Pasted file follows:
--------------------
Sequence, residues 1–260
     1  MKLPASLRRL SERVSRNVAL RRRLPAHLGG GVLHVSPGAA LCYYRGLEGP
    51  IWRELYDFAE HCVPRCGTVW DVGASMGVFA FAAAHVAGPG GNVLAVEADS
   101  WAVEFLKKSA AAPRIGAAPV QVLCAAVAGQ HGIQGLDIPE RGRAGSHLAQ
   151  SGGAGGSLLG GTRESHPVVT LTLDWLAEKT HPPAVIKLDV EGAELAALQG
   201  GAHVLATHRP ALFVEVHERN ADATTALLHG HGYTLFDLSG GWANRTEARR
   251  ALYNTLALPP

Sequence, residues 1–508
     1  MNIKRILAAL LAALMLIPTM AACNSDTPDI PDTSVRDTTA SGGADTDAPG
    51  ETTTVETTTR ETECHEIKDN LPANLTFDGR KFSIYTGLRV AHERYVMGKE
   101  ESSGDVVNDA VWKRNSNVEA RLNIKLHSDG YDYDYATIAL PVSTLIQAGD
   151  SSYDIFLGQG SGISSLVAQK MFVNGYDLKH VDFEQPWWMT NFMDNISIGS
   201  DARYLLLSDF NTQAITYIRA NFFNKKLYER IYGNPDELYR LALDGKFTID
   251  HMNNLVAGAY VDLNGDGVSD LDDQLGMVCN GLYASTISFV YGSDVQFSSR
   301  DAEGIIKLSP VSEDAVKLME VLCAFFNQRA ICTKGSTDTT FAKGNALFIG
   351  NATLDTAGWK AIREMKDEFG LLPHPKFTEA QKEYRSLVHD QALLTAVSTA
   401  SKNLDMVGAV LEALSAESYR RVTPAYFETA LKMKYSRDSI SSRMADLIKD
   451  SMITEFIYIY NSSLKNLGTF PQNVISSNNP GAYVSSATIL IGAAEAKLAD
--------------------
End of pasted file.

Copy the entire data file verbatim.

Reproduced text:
Sequence, residues 1–260
     1  MKLPASLRRL SERVSRNVAL RRRLPAHLGG GVLHVSPGAA LCYYRGLEGP
    51  IWRELYDFAE HCVPRCGTVW DVGASMGVFA FAAAHVAGPG GNVLAVEADS
   101  WAVEFLKKSA AAPRIGAAPV QVLCAAVAGQ HGIQGLDIPE RGRAGSHLAQ
   151  SGGAGGSLLG GTRESHPVVT LTLDWLAEKT HPPAVIKLDV EGAELAALQG
   201  GAHVLATHRP ALFVEVHERN ADATTALLHG HGYTLFDLSG GWANRTEARR
   251  ALYNTLALPP

Sequence, residues 1–508
     1  MNIKRILAAL LAALMLIPTM AACNSDTPDI PDTSVRDTTA SGGADTDAPG
    51  ETTTVETTTR ETECHEIKDN LPANLTFDGR KFSIYTGLRV AHERYVMGKE
   101  ESSGDVVNDA VWKRNSNVEA RLNIKLHSDG YDYDYATIAL PVSTLIQAGD
   151  SSYDIFLGQG SGISSLVAQK MFVNGYDLKH VDFEQPWWMT NFMDNISIGS
   201  DARYLLLSDF NTQAITYIRA NFFNKKLYER IYGNPDELYR LALDGKFTID
   251  HMNNLVAGAY VDLNGDGVSD LDDQLGMVCN GLYASTISFV YGSDVQFSSR
   301  DAEGIIKLSP VSEDAVKLME VLCAFFNQRA ICTKGSTDTT FAKGNALFIG
   351  NATLDTAGWK AIREMKDEFG LLPHPKFTEA QKEYRSLVHD QALLTAVSTA
   401  SKNLDMVGAV LEALSAESYR RVTPAYFETA LKMKYSRDSI SSRMADLIKD
   451  SMITEFIYIY NSSLKNLGTF PQNVISSNNP GAYVSSATIL IGAAEAKLAD